Notes From Underground: Sitting on the horns of a dilemma with ash on our faces

We are very sorry for the volcanic activity that has caused so much transportational havoc throughout Europe. It is rumored that the U.N. is looking to begin investigations to study whether or not Iceland set off the volcano in retaliation for the way the Dutch and British authorities treated the sovereign state. Governments seeking to outlaw, or regulate, non-predictable events, we have no doubt that earthquakes and volcanoes are next.

The Europeans were not the only ones with ash on their faces as the domos at Goldman Sachs were said to be ashen faced after the SEC action on Friday. In a very fine article by Frank Partnoy in Monday’s Financial Times, the problem for Goldman and others is the slew of lawsuits that will follow the regulators’ actions. Goldman may be the most fortunate by being named first for there were certainly be more accusations to follow. The Wall Street crowd took another hit on Sunday as former president Bill Clinton pointed his finger at Bob Rubin and Larry Summers for blocking any type of regulatory oversight of the derivatives markets. Clinton’s statements will challenge Obama, as the president has surrounded himself with Robert Rubin proteges. Now it’s about to get interesting.

Some of the players who opposed derivatives regulation under President Bill Clinton are steering economic policy in the Obama administration.

The dilemma that the world financial market is sitting on is, of course, the contagion that will spread from the Greek debt situation. Markets have failed to give any credibility to the bailout plan crafted by the European technocrats and so the Greek fallout is sure to spread to other periphals as we saw the German/Portugese spread widen out all week. Remember that markets are like water and they will seek out the weakest link or “lowest level.”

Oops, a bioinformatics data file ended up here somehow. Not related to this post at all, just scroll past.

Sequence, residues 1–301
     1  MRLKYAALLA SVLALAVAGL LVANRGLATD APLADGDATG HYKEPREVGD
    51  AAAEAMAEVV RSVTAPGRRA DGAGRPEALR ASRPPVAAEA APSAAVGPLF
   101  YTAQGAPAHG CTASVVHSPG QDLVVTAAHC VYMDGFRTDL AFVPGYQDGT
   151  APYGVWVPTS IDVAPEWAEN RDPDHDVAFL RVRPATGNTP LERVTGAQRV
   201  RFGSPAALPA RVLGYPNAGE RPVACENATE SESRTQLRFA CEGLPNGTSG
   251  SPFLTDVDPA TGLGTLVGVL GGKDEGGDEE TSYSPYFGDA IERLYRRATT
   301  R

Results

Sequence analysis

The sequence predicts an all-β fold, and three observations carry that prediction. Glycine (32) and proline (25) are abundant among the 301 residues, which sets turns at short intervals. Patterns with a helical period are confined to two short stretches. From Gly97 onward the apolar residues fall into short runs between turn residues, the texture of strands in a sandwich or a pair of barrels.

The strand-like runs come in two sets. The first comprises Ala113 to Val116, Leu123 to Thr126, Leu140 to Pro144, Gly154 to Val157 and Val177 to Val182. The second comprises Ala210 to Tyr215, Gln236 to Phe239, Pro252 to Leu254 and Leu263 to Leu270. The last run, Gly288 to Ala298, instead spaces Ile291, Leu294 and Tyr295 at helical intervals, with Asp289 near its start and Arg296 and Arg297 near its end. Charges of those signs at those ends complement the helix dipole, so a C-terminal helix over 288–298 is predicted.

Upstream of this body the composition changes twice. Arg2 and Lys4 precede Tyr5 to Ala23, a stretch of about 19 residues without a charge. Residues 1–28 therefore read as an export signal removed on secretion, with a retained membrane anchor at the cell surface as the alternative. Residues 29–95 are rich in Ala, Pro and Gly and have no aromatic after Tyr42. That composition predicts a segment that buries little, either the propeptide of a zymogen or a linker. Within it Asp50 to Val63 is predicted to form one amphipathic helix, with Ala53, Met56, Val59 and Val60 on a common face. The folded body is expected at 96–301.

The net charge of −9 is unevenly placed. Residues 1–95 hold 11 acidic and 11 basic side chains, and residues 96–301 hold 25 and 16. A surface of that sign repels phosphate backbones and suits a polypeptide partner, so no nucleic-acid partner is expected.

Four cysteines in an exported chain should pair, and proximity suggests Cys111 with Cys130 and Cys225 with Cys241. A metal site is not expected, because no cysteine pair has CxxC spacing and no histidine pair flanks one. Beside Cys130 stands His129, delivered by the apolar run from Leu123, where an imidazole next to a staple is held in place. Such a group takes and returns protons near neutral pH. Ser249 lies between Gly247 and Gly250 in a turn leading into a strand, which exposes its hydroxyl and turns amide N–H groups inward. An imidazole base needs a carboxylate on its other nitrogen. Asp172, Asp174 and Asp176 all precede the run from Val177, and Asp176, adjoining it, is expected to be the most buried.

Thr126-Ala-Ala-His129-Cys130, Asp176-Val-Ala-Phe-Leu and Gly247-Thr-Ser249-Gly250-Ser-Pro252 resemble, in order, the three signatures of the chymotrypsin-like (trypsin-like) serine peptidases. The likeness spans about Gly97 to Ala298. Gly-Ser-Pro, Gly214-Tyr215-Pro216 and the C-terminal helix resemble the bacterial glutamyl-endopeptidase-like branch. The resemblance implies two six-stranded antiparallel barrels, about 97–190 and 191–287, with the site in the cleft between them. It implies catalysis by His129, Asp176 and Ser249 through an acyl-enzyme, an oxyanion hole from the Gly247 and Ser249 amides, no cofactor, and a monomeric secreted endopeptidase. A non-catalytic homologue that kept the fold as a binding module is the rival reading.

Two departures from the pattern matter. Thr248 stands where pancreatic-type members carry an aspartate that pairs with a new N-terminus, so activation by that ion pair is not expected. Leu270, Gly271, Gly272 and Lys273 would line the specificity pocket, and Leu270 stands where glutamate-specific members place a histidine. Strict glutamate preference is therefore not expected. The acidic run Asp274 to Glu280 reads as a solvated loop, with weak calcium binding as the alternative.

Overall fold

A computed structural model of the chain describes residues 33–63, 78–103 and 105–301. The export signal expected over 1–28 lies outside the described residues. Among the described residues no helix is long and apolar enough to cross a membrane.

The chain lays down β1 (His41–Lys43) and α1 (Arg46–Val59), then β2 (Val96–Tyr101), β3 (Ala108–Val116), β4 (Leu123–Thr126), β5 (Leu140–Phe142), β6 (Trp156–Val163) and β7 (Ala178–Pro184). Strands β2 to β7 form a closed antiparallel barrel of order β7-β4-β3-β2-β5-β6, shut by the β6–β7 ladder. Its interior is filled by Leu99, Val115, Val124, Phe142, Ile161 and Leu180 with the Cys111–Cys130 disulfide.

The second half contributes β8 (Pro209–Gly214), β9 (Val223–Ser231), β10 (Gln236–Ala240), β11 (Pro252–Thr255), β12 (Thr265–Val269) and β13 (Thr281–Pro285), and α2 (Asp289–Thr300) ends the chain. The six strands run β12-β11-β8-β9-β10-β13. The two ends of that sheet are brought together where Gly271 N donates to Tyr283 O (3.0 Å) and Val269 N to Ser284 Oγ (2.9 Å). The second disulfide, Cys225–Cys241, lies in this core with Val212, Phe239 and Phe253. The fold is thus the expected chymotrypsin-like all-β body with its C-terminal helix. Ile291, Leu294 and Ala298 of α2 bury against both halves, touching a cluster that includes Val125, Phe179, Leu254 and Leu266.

The dilemma is/will be if the European Union begins another credit crisis like Lehman. Will a default by one, two or three of the PIIGS result is setting off a global deleveraging of sovereign debt? If we were to enter a new cycle of de-leveraging, the world’s central banks and other lending authorities would step in and open the floodgates to a new round of liquidity creation. We have seen the recalcitrant ECB already agree to accepting all types of sovereign debt as collateral, no matter what the rating, and we don’t even have a full blown crisis as of yet.

The markets are aware of this deflationary dilemma and it impact it will have on international liquidity. The commodity markets from  metals, grains and energy will be the tells in the game as global investors demand hard assets in lieu of fiat currencies. We will be monitoring the spreads in the European debt markets (German paper versus all the others) as an indication that the European policymakers are losing control of the bailout tactic. Remember that the German/Greek spreads began to deteriorate after the Chinese decided to not support a €25 billion-based Greek bond offering. If global investors, especially the Russians, begin balking on holding the PIIGS debt, it will set the above scenario into motion. Negative feedback loops are a terrible situation for DEBT-constrained sovereign borrowers. The markets will vote with their money and that is the greatest fear for the European elites.

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